Actualism, Possibilism, and the Nature of Consequentialism


Actualism, Possibilism, and the Nature of Consequentialism


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Chapter description: The actualism/possibilism debate in ethics is about whether counterfactuals of freedom concerning what an agent would freely do if she were in certain circumstances even partly determine that agent’s obligations. This debate arose from an argument against the coherence of utilitarianism in the deontic logic literature. In this chapter, we first trace the historical origins of this debate and then examine actualism, possibilism, and securitism through the lens of consequentialism. After examining their respective benefits and drawbacks, we argue that, contrary to what has been assumed, actualism and securitism both succumb to the so-called nonratifiability problem. In making this argument, we develop this problem in detail and argue that it’s a much more serious problem than has been appreciated. We conclude by arguing that an alternative view, hybridism, is independently the most plausible position and best fits with the nature of consequentialism, partly in light of avoiding the nonratifiability problem.

Book description: ed. Douglas W. Portmore This handbook contains thirty-two previously unpublished contributions to consequentialist ethics by leading scholars, covering what’s happening in the field today as well as pointing to new directions for future research. Consequentialism is a rival to such moral theories as deontology, contractualism, and virtue ethics. But it’s more than just one rival among many, for every plausible moral theory must concede that the goodness of an act’s consequences is something that matters even if it’s not the only thing that matters. Thus, all plausible moral theories will accept both that the fact that an act would produce good consequences constitutes a moral reason to perform it and that the better that act’s consequences the greater the moral reason there is to perform it. Now, if this is correct, then much of the research concerning consequentialist ethics is important for ethics in general. For instance, one thing that consequentialist researchers have investigated is what sorts of consequences matter: the consequences that some act would have or the consequences that it could have—if, say, the agent were to follow up by performing some subsequent act. And it’s reasonable to suppose that the answer to such questions will be relevant for normative ethics regardless of whether the goodness of consequences is the only thing that matters (as consequentialists presume) or just one of many things that matter (as nonconsequentialists presume).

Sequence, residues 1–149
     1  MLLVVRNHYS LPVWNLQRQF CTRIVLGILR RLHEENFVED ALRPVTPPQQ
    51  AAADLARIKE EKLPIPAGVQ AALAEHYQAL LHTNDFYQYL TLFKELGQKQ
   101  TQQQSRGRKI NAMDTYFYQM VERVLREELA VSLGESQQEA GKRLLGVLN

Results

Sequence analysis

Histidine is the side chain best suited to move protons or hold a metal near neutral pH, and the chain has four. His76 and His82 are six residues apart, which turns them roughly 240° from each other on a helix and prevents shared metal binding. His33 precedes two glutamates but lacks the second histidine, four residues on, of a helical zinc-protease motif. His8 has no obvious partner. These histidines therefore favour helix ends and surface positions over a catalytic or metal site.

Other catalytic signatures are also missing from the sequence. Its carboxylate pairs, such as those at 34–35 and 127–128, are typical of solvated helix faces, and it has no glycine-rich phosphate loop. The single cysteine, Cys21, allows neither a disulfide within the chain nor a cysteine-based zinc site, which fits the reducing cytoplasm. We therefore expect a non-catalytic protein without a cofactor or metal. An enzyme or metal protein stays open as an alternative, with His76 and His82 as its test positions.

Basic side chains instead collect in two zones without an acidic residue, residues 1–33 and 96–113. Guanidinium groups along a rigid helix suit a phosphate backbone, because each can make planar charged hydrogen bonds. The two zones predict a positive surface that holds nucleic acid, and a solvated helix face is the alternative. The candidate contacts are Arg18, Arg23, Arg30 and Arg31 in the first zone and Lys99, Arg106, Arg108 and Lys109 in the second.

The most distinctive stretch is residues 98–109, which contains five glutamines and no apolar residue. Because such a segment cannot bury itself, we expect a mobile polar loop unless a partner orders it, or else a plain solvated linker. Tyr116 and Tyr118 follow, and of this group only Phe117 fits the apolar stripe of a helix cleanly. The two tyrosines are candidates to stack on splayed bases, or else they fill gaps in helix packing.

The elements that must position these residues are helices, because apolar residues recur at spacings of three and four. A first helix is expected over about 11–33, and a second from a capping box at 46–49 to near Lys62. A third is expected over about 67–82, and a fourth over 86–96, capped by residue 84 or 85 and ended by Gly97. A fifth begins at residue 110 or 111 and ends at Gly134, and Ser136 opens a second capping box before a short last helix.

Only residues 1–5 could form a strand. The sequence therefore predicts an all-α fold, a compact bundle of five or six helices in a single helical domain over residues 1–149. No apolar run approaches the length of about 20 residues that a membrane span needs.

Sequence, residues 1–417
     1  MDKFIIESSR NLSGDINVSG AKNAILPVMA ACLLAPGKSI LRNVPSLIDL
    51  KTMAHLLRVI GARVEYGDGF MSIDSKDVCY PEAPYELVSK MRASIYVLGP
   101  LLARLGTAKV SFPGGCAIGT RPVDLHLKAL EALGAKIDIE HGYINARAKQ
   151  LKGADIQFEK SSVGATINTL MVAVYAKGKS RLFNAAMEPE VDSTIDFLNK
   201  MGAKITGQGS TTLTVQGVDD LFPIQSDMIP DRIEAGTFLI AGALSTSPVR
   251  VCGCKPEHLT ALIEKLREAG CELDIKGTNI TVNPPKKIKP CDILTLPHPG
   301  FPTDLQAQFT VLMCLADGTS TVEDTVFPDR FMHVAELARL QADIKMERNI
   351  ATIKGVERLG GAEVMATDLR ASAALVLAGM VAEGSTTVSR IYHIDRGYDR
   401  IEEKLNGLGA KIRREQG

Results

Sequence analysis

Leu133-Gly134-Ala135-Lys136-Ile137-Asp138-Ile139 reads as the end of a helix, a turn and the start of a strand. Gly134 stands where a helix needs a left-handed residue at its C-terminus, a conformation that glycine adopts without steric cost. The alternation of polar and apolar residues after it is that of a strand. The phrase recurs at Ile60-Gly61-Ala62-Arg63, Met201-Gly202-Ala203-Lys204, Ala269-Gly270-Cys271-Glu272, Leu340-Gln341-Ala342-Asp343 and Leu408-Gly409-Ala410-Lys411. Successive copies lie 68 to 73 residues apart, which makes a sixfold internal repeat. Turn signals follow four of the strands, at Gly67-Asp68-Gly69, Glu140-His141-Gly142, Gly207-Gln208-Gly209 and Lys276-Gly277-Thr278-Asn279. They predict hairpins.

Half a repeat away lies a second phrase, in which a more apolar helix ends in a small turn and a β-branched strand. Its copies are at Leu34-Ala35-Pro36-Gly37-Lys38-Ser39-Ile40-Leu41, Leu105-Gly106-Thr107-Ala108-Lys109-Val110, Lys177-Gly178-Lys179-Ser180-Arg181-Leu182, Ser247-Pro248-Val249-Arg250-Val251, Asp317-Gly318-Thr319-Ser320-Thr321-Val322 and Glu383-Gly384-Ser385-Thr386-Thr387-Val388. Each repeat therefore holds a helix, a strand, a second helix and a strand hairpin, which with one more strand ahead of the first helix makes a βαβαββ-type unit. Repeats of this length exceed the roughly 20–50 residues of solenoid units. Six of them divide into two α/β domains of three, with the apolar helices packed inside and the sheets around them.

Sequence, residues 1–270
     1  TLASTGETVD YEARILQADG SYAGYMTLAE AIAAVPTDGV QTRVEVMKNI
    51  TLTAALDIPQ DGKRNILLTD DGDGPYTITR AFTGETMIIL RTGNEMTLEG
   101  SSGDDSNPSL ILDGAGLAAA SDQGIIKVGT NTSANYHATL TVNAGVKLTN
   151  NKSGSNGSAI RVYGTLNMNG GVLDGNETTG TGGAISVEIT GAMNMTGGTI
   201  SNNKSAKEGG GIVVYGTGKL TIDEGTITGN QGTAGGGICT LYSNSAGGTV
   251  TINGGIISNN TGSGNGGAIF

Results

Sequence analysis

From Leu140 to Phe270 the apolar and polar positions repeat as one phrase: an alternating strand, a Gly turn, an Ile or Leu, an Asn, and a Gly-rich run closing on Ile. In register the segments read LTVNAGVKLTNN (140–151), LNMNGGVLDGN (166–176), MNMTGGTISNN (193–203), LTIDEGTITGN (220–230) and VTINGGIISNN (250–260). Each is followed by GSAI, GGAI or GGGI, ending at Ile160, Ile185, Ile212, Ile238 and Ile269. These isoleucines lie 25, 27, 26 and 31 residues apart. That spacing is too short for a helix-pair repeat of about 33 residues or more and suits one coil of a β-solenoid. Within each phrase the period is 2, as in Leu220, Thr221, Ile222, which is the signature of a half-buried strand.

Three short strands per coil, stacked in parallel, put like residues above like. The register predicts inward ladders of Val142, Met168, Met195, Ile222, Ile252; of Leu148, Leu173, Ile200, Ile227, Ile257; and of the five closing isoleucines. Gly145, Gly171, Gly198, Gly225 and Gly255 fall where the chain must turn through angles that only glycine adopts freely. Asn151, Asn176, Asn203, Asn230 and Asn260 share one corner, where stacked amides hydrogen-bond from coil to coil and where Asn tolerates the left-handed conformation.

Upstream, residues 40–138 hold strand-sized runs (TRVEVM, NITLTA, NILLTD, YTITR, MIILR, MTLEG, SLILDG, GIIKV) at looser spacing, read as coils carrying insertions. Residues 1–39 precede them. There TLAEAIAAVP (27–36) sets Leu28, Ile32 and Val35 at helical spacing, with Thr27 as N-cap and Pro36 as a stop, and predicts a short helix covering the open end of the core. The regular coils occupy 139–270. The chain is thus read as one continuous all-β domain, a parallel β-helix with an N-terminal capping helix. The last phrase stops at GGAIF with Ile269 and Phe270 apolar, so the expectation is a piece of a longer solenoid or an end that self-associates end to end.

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Oxford University Press


consequentialism, morality, ethics, altruism, reasons

Actualism, Possibilism, and the Nature of Consequentialism